Prostate cancer, and its stigma, takes a toll when men find their symptoms too embarrassing.
'Don't leave it too late, shyness can have tragic consequences'
A reluctance by some men to seek medical advice combined with a lack of awareness about diseases such as prostate cancer is taking its toll on their health.
"I think there is a definite psychological aspect in this culture where men are reluctant to make certain medical issues publicly aware," said Dr Yousef Abou Allaban, medical director at the American Centre of Psychiatry and Neurology in Abu Dhabi.
"They can find it very embarrassing. However, the consequences to lives can be tragic."
Dr Abou Allaban, a consultant psychiatrist, said he had noticed a lingering stigma and embarrassment associated with prostate cancer.
Dr Osama Jaber, of the Uro Diagnostic Centre at Dubai Healthcare City, agreed there was still a certain "taboo" associated with the disease.
"They are really shy to talk about it," he said.
While some men will make the effort to see a general practitioner when they have symptoms, too few follow up with a urologist, Dr Jaber said.
"They do not want to talk about it and do not want to get checked for it. They are not like women who get checked for breast cancer for example. It is the male mentality here," Dr Jaber said.
A lack of information - both in statistics and awareness - is a problem in the UAE.
"We have breast cancer awareness, we need prostate cancer awareness. We really need to start talking about it. In the UAE we do not even have much data about prostate cancer," Dr Jaber said.
"It is not like the UK or the United States or other countries, so we do not know how many there are with this problem."
Dr Manaf Al Hashimi, a specialist in urology at Burjeel Hospital in the capital, agreed that ignorance was a problem with male patients, who he said tend to worry less about their health than women.
"They are not educated enough to have some information about the prostate gland itself and the high incidence of prostate cancer."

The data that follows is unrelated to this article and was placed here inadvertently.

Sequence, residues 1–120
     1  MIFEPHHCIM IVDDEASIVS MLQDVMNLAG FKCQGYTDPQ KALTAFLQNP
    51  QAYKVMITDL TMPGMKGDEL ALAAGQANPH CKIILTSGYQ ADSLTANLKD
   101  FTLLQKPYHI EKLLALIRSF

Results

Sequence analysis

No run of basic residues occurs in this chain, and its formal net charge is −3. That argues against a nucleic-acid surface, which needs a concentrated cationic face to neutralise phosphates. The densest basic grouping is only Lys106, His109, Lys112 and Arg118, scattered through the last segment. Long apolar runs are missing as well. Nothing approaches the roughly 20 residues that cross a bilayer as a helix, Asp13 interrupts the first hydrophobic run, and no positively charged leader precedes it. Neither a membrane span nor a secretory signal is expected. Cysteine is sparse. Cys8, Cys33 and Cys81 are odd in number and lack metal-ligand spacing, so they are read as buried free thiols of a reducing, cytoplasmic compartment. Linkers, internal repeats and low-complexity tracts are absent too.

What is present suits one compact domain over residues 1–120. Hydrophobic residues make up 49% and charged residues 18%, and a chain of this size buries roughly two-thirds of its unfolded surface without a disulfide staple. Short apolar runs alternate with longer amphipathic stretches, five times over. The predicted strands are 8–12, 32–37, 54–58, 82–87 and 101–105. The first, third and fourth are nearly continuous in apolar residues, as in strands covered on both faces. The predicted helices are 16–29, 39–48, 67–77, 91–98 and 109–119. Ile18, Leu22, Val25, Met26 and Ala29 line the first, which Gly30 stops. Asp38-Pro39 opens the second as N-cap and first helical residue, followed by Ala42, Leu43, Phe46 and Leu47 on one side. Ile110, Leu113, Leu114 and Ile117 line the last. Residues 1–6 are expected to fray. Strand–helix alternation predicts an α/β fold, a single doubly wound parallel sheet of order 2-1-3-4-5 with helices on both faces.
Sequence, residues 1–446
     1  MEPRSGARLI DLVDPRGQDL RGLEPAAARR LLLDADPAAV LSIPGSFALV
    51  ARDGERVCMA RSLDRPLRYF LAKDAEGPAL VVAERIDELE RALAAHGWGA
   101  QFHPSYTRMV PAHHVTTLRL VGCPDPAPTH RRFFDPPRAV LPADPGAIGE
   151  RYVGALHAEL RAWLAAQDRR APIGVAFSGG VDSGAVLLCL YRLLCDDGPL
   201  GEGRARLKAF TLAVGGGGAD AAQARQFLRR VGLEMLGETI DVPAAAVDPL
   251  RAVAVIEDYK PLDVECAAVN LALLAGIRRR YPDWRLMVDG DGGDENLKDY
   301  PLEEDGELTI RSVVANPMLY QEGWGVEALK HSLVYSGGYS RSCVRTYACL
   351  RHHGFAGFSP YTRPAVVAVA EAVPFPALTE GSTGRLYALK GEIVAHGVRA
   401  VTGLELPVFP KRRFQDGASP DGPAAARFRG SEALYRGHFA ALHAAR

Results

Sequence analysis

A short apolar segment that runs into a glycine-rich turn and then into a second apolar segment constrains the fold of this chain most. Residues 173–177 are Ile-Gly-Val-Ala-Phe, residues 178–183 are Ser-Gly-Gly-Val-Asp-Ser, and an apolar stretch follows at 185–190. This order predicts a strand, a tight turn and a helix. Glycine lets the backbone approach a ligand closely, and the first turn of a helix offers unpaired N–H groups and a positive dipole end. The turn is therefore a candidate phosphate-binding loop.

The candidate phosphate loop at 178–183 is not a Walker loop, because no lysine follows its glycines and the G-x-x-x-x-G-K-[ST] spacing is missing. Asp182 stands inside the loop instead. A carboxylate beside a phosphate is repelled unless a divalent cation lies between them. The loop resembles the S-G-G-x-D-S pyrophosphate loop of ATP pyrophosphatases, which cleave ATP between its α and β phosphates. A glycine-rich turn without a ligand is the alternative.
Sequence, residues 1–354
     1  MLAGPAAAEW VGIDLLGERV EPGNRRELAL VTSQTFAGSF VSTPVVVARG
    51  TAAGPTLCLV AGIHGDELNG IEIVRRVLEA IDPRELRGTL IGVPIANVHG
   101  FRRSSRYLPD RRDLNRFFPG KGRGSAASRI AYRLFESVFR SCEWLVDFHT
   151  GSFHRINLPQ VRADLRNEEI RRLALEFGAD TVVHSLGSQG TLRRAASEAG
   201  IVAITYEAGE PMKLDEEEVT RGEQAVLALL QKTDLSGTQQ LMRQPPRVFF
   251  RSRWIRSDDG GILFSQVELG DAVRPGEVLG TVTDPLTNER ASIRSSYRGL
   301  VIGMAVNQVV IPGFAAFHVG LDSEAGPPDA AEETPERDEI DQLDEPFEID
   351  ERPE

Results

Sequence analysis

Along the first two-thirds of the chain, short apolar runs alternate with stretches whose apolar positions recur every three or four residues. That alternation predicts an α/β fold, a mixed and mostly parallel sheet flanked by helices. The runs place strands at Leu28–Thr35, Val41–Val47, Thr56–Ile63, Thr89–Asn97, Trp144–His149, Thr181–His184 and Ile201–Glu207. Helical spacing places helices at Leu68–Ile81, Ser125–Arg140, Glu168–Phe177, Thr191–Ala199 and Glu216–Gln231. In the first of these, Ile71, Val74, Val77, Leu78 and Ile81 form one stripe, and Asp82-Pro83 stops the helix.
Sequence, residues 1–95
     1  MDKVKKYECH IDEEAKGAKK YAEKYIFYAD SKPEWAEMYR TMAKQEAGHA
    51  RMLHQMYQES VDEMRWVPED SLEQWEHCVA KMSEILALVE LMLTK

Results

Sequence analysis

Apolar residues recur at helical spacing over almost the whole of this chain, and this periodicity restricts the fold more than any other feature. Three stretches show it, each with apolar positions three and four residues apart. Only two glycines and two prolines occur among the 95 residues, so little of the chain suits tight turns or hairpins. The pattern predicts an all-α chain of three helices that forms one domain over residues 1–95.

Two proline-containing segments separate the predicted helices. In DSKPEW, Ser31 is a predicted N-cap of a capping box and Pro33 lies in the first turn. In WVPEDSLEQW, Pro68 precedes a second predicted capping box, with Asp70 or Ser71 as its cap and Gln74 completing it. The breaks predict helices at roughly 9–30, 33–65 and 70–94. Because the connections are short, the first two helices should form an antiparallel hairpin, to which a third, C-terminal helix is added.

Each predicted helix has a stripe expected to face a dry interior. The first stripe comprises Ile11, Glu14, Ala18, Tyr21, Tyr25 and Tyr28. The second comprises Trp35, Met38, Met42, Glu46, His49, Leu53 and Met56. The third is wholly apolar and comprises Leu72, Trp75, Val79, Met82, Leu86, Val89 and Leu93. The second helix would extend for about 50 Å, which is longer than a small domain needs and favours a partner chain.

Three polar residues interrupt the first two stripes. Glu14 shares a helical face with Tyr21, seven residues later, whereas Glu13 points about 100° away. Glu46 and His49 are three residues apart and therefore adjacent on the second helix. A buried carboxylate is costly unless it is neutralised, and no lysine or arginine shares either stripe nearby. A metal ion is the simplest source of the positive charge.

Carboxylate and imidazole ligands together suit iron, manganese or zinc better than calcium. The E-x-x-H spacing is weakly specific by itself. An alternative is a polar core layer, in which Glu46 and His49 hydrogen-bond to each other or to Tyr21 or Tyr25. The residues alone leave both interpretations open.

Men can also leave it too late to seek medical attention, which can be the difference between life and death.
"If it's prostate cancer, when they are presented very early the treatment will be radical, curative treatment - meaning the whole cancer will be removed and the whole story will be finished.
"But most of the patients with prostate cancer unfortunately are late here and that's why they are metastasised and the curative, radical treatment will not be applicable to them and it will be palliative, non-curative treatment."
Dr Abou Allaban said a culture of treating medical issues - rather than actively preventing them - is a cause for concern in the UAE and could lead to many preventable deaths.
"Culturally, here, it does not cross people's minds to prevent illnesses and to spend money to prevent illnesses. People do not think to have annual checks-ups like they do elsewhere such as in the United States.
"The difference between catching prostate cancer early on or spotting it in its later stages can be fatal," he said.
Prostate cancer affects one in six men, according to the Prostate Cancer Foundation (PCF), and the risk increases with age.
Although only one in 10,000 men under the age of 40 will receive the diagnosis, the rate shoots up to one in 38 for ages 40 to 59, and one in 14 for ages 60 to 69.
A man with a father or brother who had the disease is twice as likely to get it.
Lack of exercise and a sedentary lifestyle are also risk factors.
Some symptoms that may indicate prostate cancer are a change in urinary or sexual function.
However, not everyone experiences symptoms. Many times, signs are first detected by a doctor during a routine check-up.